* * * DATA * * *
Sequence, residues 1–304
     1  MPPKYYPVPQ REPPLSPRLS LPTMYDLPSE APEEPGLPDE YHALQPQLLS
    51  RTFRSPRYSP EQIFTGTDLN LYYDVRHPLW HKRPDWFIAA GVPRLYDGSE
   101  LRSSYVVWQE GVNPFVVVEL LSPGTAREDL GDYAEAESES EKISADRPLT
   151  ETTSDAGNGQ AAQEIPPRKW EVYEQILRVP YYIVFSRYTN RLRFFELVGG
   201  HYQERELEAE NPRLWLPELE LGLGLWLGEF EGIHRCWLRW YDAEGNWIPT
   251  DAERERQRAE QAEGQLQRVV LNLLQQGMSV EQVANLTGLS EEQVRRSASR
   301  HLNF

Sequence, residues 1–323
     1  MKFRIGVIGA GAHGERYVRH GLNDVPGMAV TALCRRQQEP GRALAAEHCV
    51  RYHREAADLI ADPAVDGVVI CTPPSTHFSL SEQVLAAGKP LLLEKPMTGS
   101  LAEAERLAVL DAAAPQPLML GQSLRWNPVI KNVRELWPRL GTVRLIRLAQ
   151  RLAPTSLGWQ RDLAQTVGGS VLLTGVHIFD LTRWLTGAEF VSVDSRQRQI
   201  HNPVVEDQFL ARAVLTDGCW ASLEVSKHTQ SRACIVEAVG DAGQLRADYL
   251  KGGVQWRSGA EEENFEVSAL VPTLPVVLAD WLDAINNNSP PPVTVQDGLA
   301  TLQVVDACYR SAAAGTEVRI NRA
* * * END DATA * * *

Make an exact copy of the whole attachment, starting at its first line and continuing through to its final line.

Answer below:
Sequence, residues 1–304
     1  MPPKYYPVPQ REPPLSPRLS LPTMYDLPSE APEEPGLPDE YHALQPQLLS
    51  RTFRSPRYSP EQIFTGTDLN LYYDVRHPLW HKRPDWFIAA GVPRLYDGSE
   101  LRSSYVVWQE GVNPFVVVEL LSPGTAREDL GDYAEAESES EKISADRPLT
   151  ETTSDAGNGQ AAQEIPPRKW EVYEQILRVP YYIVFSRYTN RLRFFELVGG
   201  HYQERELEAE NPRLWLPELE LGLGLWLGEF EGIHRCWLRW YDAEGNWIPT
   251  DAERERQRAE QAEGQLQRVV LNLLQQGMSV EQVANLTGLS EEQVRRSASR
   301  HLNF

Sequence, residues 1–323
     1  MKFRIGVIGA GAHGERYVRH GLNDVPGMAV TALCRRQQEP GRALAAEHCV
    51  RYHREAADLI ADPAVDGVVI CTPPSTHFSL SEQVLAAGKP LLLEKPMTGS
   101  LAEAERLAVL DAAAPQPLML GQSLRWNPVI KNVRELWPRL GTVRLIRLAQ
   151  RLAPTSLGWQ RDLAQTVGGS VLLTGVHIFD LTRWLTGAEF VSVDSRQRQI
   201  HNPVVEDQFL ARAVLTDGCW ASLEVSKHTQ SRACIVEAVG DAGQLRADYL
   251  KGGVQWRSGA EEENFEVSAL VPTLPVVLAD WLDAINNNSP PPVTVQDGLA
   301  TLQVVDACYR SAAAGTEVRI NRA